The education data that Southern states have reported to the US Department of Education for children and youth in juvenile justice systems often has been incomplete and inconsistent. The reporting forms are too generic and fail to capture the reality of juvenile justice schools. With in and across states, the annual data offers very limited information about what is actually achieved in the juvenile justice schools for students and appears entirely divorced from any consideration of how student assessments should primarily be used for improving instruction and learning.
The report calls for rethinking juvenile justice programs through a primarily educational lens, creating individualized education programs for youth detainees and judging performance of the justice system by measuring educational outcomes in addition to recidivism. It also endorsed "a national goal of diverting more youth from large state facilities to local, non-institutional settings in the juvenile justice systems," a trend that Texas has led by reducing the number of inmates in state institutions by 80% since the 2007 Texas Youth Commission sex scandal. Even so, because the Texas Juvenile Justice Department does not closely regulate local juvenile detention facilities, it's unclear if that de-institutionalization has led to better educational outcomes, and the low number of juvenile detention students earning high-school course credit suggests it has not. The report concluded:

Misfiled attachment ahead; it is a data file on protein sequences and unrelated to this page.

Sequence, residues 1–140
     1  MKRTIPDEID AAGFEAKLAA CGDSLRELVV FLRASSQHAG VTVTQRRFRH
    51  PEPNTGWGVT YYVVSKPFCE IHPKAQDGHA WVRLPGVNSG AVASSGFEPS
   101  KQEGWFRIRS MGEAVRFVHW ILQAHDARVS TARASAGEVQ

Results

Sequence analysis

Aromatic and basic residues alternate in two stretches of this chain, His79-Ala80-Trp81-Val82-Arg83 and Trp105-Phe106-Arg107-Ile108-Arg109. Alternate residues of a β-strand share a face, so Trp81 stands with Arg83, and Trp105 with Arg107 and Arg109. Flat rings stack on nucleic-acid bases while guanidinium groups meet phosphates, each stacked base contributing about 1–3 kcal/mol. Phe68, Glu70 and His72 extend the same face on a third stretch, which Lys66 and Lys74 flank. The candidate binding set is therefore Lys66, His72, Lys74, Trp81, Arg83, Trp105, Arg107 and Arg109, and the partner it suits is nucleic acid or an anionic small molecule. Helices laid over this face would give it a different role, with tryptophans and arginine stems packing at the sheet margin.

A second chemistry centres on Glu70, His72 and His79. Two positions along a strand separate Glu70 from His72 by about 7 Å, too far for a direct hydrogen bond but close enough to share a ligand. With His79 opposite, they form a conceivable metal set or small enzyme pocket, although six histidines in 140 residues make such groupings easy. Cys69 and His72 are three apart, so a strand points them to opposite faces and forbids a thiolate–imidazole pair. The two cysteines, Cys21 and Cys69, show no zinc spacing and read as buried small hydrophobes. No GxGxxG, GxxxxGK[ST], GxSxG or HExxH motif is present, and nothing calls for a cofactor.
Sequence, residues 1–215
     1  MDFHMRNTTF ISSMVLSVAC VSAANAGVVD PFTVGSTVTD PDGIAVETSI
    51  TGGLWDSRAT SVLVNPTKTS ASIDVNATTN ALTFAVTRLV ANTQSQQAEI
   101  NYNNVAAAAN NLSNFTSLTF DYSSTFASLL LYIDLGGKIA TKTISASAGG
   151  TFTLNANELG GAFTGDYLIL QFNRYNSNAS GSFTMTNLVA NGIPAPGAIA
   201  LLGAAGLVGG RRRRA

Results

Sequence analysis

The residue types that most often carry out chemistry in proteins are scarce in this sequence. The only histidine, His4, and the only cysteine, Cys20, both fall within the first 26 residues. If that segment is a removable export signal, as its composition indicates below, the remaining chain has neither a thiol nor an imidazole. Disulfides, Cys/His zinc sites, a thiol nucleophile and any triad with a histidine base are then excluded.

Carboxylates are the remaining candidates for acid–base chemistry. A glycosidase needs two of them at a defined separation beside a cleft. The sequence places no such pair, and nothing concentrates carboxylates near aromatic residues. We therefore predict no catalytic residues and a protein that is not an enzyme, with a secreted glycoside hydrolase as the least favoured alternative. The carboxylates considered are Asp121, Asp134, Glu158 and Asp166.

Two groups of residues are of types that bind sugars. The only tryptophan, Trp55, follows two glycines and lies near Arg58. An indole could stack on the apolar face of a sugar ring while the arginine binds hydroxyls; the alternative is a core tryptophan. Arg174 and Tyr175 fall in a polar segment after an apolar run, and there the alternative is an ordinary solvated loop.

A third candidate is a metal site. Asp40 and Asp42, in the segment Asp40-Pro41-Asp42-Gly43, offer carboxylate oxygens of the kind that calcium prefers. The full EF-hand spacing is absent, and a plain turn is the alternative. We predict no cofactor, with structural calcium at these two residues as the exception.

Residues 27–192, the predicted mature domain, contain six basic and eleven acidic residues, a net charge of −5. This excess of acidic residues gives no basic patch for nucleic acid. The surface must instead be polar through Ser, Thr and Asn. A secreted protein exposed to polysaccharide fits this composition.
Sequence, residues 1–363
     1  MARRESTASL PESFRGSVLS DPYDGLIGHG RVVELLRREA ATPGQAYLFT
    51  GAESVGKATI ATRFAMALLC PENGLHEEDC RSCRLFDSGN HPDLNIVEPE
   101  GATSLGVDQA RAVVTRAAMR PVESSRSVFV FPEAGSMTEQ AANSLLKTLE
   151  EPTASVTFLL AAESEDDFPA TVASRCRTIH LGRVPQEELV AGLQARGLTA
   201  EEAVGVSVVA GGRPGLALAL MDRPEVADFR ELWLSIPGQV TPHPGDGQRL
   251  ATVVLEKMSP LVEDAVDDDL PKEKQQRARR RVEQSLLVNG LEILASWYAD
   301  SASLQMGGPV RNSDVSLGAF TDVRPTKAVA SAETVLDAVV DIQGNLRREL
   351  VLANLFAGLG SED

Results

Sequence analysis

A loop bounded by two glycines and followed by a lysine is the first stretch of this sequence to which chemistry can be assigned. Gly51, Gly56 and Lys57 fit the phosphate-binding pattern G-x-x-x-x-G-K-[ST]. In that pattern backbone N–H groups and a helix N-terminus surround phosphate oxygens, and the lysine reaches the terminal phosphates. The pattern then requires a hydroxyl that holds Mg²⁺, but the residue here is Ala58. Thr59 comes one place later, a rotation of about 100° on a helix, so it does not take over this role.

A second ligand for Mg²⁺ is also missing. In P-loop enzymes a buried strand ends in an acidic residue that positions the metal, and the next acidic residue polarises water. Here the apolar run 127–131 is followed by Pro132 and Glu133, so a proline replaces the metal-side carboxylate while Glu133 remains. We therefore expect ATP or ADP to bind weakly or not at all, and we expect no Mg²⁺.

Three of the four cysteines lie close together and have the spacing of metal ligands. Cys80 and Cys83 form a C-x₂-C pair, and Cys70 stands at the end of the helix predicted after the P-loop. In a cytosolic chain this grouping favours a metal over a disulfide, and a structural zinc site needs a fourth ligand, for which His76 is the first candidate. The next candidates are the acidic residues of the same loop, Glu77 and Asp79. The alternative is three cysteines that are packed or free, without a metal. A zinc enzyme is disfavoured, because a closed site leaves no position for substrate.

This is not a call for state juvenile justice systems to re-brand themselves as educational institutions. It will require a great deal more than simply changing the image and language of juvenile justice – much more than calling juvenile facilities “schools” or “campuses” and referring to incarcerated youth as “students.” Those kinds of cosmetic changes would be fraudulent with out first enabling a fundamental transformation of the mission, methods, goals, and accountability of the juvenile justice systems. Calling the Florida School for Boys a “reform school” did not prevent the tragedies that took place there in the distant and more recent past.

By establishing an educational mission and by re-designing their processes and functions primarily to provide effective education, juvenile justice systems will need to design and provide good schooling inside their own systems and to help to redesign and recreate effective schooling for these students in the communities they re-enter.